Crack blamed for rise in Central American child prostitution
GUATEMALA CITY -- (AP) -- To support her crack habit, 15-year-old
Sandoval does what she can. ``Sometimes I beg. Sometimes I rob,'' she says.
``Or I get into cars with men.''
The number of Guatemalan street children working as prostitutes
is rising and the
booming use of crack cocaine is largely to blame, government and aid groups
``It didn't used to be so hard for girls on the street to get
drugs such as glue,''
says Arturo Echeverria, director of the child advocacy group Casa Alianza. ``But
the higher price of crack has induced more children into prostitution.''
The pattern is being repeated across Central America, where younger
younger girls are becoming prostitutes as drug use rises.
In a recent study of 300 street children by the Nicaraguan Ministry
of Family, just
over 80 percent said they had begun to work as prostitutes in the past year. Most
said they did so to get drugs, with nearly 30 percent saying they needed the
money to buy crack.
Casa Alianza, an advocacy group for street children, says many
venereal diseases, a sign that prostitution may be common.
In response to growing complaints about sex tourism, Costa Rica
strengthened its family and child code to allow prosecutions of adult sex clients
for child abuse even when they pay children for the services.
Nowhere has child prostitution taken off like in Guatemala.
A big factor is the increased availability of cocaine. U.S. Embassy
drug gangs now use cocaine instead of money to pay people who help smuggle
drugs from South America to the United States, adding to the local supply.
Also, a slight reduction in cocaine use in the United States has
traffickers to try to expand their Central American markets. And the general rise
in crime since the 1996 peace accords ended Guatemala's 36-year civil war has
aggravated the problem.
More children are ending up on the streets because the economy
has not kept
pace with population growth and migration to the capital, says Cesar Estrada,
director of Casa Alianza's home for teen-age mothers in Guatemala.
In a nation of 11 million people, 3,500 children live on the streets,
government figures. Child advocacy groups put the figure closer to 6,000. No one
has statistics on how many are working as prostitutes, though there is general
agreement the number is increasing.
Leslie says she left home two years ago to escape family problems.
``My stepfather left my baby sister outside, and she got sick
and died. I was so
sad because I loved her so much,'' she says. ``He was beating my mother, and I
was going to kill my stepfather if I didn't leave. My sister took me to the streets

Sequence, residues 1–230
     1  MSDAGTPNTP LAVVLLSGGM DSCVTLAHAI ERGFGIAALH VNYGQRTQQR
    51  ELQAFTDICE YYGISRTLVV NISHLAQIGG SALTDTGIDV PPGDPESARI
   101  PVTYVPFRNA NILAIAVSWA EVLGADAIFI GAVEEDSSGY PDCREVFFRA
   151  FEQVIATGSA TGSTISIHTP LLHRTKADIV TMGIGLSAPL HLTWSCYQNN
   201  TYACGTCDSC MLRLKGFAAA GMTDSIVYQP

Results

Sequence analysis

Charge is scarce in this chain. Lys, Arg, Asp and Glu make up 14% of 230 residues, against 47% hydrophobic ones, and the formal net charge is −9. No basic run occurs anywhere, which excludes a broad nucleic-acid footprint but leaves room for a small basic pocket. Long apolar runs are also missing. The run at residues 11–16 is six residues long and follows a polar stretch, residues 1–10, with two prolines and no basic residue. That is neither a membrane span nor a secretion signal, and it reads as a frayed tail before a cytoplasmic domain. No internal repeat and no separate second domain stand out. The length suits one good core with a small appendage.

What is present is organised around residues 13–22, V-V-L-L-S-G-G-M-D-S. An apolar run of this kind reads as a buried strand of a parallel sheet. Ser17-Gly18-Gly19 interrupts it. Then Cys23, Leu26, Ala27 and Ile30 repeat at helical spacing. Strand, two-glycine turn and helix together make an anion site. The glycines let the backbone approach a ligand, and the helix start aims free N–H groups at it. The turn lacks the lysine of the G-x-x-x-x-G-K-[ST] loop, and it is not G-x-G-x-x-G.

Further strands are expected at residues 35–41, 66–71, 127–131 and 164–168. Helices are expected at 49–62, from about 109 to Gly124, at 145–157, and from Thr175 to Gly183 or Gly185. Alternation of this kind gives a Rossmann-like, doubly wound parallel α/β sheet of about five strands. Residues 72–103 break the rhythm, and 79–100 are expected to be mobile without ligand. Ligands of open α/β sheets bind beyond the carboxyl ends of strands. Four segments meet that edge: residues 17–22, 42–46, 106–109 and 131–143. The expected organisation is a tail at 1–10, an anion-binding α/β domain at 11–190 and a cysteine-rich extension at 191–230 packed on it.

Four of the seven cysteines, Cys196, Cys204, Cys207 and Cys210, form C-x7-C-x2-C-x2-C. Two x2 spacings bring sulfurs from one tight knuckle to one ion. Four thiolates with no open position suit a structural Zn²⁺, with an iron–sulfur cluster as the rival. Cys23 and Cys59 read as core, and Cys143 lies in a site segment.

and I got to know people here.''
She now lives with friends in a cardboard-and-wooden shack behind
Her clients, generally older Guatemalan businessmen, pay her 20
equivalent of $2.60. She needs two clients to earn enough to buy two crack rocks
the size of marbles -- enough to provide a half-hour high.
She says some of her friends also work as prostitutes to buy crack. Few admit it.
One friend, Roxana Adolf, says only that she's been tempted. Roxana
is 16 and
has a tattoo on her back reading: ``Mother, forgive me for the wild life I lead.''
She said her boyfriend would kill her if she prostituted herself.
``Yesterday a man came up and asked me. I was going to take the
run, but he said we had to go to the hotel first, so I said no,'' Roxana says. ``He
was so fat and ugly.''
Neither the government nor private agencies have much hope of
slowing the rise in
Guatemala's police are overwhelmed by other crime and have made
prostitution a low priority.
Deborah Cobar, director of the Attorney General's Office on Child
the state doesn't have the money to provide the counseling that could help
children get off the streets.
A few private institutions, such as Casa Alianza, offer help,
but they are finding it
increasingly difficult to raise money.
``It's out of fashion,'' Cobar says.
Organizations are under pressure to show their work is having
an effect, and
rehabilitating prostitutes is a long-term project. ``It's difficult to show results over a
short period of time,'' she says.
Sometimes, it takes a pregnancy to jolt a teen-ager into quitting
says. But then the need to earn money to support the child drives young women
with little education right back into prostitution.
Those helping prostitutes sometimes have to resign themselves
only modest goals. A social worker is helping Leslie and her friends write rules to
govern life in their shack.
One rule reads: ``I will not steal anywhere on this block.''